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Everyone aspires to be a leader, and they believe it is easy when they see people in positions of leadership. Most of them will back down after they've tried it because they can't handle the leadership work and responsibilities. All seems simple as long as you do not work on it yourself; it is only when you try it out that you will know if you are up for the job.
Owning your personal goal is one of the ideals you should have before or after you enter the world of leadership. If you really know what you're here for? Have you got one? If you think you don't need it to be a leader because others will do the work for you, think again. Read on to learn why it is one of the most valuable skills you'll ever need, not only for leadership but for life.
Rumi tells a story about a king telling his prince that it is time for him to go out into the world and complete one mission that the king assigned to him. The prince travels the world, and after a long time has passed, the king decides that he must go in search of him. When the king discovers the prince, he tells him of all the great things he has achieved. “Have you done the one thing I asked you to do?” the king asks. “No,” says the prince. “Well, then, it's as though you've done nothing,” the king concludes.
The king is a representation of God, the Universe, or whatever belief system you hold. We are represented by the prince. We were all put on this earth for a reason. It is our duty to decide what the aim is. Our purpose in life never changes; the paths we take can change, but our goal remains the same. After Tom died, I had to find out what I wanted to do with my life. “To help people, both personally and professionally, in discovering the life they were placed on this earth to live, and in having a strong vision of what they will want, so they can plan their lives around that vision,” I realized. You must have a good view of your personal mission and vision. Once you've grasped those concepts, you can focus on your leadership mission and vision.
The reason you're doing what you're doing as a leader is your leadership intent. Even if all you're doing is managing yourself, you need to know what your leadership intent is. You will always need a team in every area of your life. And if you're a stay-at-home parent, you'll need help from others. It's true that "it takes a village to raise a boy," and it's also true for adults. You can then build a mission for your team once you've determined your leadership purpose. I'd like you to think about your personal objective for a moment, and then consider what your leadership purpose is. Let's imagine you're a real estate agent who works alone, with no employees, team, or other agents in your business. The people on your team will then be those who will help you run your real estate company. Your family, colleagues, mortgage agents, home inspectors, cleaners, handymen, and everyone else you employ to assist your clients.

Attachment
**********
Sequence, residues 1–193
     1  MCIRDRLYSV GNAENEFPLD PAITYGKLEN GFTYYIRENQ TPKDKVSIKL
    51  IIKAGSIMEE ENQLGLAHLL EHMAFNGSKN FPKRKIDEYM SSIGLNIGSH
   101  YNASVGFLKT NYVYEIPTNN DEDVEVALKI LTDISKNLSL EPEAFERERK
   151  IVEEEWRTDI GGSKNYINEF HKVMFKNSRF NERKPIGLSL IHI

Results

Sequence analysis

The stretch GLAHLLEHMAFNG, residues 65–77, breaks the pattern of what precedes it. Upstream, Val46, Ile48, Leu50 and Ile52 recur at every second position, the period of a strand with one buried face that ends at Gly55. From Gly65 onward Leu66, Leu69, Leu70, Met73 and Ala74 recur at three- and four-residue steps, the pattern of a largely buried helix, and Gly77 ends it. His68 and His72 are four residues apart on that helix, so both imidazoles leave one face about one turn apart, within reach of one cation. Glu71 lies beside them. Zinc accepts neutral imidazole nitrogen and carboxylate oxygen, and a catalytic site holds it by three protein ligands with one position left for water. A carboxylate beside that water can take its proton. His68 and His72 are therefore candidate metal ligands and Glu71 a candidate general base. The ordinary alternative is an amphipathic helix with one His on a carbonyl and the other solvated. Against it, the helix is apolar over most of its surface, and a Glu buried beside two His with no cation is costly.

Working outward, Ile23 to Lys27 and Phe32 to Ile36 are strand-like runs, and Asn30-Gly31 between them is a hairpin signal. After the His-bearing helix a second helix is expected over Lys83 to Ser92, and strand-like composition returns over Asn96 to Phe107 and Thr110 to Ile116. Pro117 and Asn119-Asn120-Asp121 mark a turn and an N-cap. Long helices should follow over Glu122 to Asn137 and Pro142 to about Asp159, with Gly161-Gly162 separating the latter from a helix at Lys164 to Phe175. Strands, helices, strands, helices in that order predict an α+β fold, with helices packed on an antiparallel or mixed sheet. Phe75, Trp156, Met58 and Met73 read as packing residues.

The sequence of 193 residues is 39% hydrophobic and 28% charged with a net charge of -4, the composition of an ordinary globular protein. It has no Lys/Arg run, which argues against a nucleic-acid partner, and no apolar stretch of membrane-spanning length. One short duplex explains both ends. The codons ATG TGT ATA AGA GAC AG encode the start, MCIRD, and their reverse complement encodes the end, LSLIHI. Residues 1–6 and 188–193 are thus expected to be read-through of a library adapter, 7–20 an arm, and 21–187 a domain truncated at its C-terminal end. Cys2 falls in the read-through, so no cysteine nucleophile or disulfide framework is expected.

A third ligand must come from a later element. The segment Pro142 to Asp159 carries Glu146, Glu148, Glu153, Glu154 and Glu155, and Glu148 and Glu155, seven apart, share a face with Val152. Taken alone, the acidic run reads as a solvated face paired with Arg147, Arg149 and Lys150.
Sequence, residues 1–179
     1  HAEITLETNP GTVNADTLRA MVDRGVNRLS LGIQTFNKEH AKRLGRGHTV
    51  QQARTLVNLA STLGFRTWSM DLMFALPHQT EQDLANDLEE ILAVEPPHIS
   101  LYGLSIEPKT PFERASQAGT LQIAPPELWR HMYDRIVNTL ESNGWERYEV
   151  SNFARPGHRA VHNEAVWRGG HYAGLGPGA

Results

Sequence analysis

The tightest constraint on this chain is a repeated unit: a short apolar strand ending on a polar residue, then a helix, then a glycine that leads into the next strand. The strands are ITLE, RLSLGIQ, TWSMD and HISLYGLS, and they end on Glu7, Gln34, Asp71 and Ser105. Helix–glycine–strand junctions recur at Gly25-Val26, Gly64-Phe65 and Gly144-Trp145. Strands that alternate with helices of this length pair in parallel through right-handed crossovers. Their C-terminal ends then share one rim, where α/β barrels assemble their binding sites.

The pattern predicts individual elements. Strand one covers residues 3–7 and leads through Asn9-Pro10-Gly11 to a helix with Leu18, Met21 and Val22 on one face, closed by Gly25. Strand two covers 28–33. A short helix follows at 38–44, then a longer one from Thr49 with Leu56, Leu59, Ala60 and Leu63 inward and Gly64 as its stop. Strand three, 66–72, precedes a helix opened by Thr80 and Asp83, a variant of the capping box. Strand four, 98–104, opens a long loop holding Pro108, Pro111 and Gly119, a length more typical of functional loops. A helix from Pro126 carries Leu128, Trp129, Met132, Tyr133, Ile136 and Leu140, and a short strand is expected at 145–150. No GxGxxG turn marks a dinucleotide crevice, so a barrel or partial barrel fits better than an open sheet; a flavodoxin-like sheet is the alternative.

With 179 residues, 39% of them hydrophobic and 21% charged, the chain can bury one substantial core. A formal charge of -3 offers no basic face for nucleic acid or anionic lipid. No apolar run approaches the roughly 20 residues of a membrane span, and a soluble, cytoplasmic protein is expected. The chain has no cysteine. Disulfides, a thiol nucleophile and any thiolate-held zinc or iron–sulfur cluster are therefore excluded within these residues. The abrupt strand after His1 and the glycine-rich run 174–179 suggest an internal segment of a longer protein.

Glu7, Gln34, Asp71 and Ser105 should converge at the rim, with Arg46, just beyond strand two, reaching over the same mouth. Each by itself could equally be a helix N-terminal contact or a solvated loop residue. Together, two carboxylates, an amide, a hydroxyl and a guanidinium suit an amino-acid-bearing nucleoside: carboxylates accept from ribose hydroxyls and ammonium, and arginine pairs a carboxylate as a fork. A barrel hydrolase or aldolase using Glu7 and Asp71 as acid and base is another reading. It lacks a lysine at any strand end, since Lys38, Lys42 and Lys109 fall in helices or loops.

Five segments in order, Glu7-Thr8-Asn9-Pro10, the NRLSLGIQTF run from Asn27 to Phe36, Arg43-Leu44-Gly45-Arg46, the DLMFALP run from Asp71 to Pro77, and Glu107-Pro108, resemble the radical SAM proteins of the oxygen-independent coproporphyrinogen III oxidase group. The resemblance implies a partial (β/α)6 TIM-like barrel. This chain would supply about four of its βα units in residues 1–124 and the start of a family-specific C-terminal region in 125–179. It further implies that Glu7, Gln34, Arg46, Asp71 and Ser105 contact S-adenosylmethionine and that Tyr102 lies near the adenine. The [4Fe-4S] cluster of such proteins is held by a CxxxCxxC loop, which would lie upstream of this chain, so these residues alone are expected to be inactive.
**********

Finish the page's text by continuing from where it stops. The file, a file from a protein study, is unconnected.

You will become a better LEADER if you are transparent about what your leadership aim is, and your team will notice and appreciate why you make those decisions and requests. They'll even know how to better assist you. When you explore your intent, you will find that it is something you enjoy doing every day and that you do without even thinking about it. My daughter is an excellent example. She mentioned during our conversation that she had no idea what her "purpose" was. (Does this sound familiar?) In the few hours I'd been with her, I'd already seen her fulfill her mission several times. She stepped in to assist her brother when he needed assistance putting together a new project. Her aunt had called for assistance with a logistical problem. She kept a four-inch binder with all the doctor and test results in it while her father was sick so she could keep track of what was going on. She was helping me with my classes today. I questioned her about these occurrences. She quickly understood that she was placed on this planet to assist others in solving problems and to act as a project manager.
Now take some time to consider what your personal mission is. So, what is the intention of your leadership? Then what is the goal of your group? A team goal that everyone contributes to would result in buy-in from all parties involved. Once a team goal has been established, each member can receive a written copy, which will serve as a reminder to everyone as to why they are performing each task. You may also have a written project intent, which will help people understand why this project is relevant.
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